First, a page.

FIG. 2 shows details of the ideal-position signal engine rotation rate characteristics of the function generator 25. At rotation rates n below the idling rotation rate n0 of the internal combustion engine 3 the ideal-position signal has the value S0 at which the clutch 1 is completely disengaged. If due to actuation of the accelerator pedal 29 the rotation rate n, rises above the idling rotation rate n0, the ideal-position signal jumps very rapidly, compensating the releaser play, to a limit value Sg, at which the torque transmission of the clutch 1 begins. In an adjoining first rotation rate range up to a rotation rate n1 for example of 1200 min-1 the rise of the curve, that is the first differential quotient ds/dn, is comparatively high and reduces above the rotation rate n1 to a second value. In the second range the characteristic varies linearly to a rotation rate n2 at which the clutch is completely engaged corresponding to the ideal-position signal S1. The rise of the second range determines the tendency to vibration of the transmission, at high rotation rates. Due to the comparatively steep range n0 to n1 however, utilizing the progression of lining springs of the clutch 1, the setting time of the clutch is reduced and also the rotation rate n2 necessary for the complete engagement of the clutch is reduced, compared with a characteristic curve rising flatly in the entire range.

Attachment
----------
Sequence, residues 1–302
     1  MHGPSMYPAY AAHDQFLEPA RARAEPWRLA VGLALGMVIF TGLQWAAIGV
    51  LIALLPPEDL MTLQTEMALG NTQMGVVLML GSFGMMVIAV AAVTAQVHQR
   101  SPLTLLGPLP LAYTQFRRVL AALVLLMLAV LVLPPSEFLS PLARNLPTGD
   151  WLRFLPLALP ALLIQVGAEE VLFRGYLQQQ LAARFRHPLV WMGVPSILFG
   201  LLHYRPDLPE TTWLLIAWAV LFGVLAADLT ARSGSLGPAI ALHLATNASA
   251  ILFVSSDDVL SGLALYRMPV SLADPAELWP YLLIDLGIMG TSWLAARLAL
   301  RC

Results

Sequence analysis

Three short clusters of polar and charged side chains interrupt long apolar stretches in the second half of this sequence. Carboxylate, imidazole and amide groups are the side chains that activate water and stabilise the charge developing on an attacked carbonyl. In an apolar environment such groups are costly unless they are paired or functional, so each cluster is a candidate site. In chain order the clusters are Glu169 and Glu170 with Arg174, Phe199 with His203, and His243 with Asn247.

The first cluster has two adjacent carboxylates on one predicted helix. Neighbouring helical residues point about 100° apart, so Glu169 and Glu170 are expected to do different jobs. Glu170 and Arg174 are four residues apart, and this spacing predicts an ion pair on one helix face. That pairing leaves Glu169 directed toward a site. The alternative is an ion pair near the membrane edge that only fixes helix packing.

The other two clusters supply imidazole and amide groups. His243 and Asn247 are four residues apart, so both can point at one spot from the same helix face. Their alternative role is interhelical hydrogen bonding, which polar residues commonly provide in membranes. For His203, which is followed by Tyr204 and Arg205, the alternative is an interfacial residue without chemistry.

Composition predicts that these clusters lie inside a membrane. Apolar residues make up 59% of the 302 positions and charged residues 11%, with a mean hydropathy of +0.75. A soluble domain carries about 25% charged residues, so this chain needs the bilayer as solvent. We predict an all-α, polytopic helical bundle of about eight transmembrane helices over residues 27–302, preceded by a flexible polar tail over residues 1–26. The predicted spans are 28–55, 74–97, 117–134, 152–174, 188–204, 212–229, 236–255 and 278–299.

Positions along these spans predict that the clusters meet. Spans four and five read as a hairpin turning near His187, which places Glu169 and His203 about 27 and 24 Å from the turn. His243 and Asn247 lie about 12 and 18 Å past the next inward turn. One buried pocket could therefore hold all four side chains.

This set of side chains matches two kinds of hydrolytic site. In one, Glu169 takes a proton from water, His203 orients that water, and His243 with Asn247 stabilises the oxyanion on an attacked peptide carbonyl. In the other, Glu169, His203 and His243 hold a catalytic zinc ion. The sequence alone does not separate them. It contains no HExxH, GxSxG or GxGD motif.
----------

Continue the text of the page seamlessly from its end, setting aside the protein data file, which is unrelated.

The clutch actuation device prevents engine damage due to excessive rotation rates such as can occur for example due to the fact that the clutch 1 engages completely in operational situations in which, due to engagement of too low a gear, the gear input shaft 53 is rotating at a gear input rotation rate lying above the maximum permissible engine rotation rate. The maximum permissible value of the engine rotation rate, predetermined by a stage 61, is compared by a regulating stage 63 with the actual value of the engine rotation rate n. If the engine rotation rate n lies above the maximum permissible rotation rate, then the regulating stage 63, through the adding stage 27, corrects the ideal-position signal driving the clutch 1 in the engagement direction to a value at which the maximum permissible rotation rate is not exceeded. The internal combustion engine 3 is thereby accelerated to the maximum permissible rotation rate, but the vehicle, utilizing the braking moment of the internal combustion engine 3, is retarded to values at which the clutch 1 can engage completely. A warning device 65 controlled by the regulating stage 63 indicates the unacceptable operational situation, so that the input rotation rate to the gearing can be reduced by gear-changing. The occurence of the operational situations in which the clutch 1 cannot be engaged due to the selection of too low a gear is however prevented.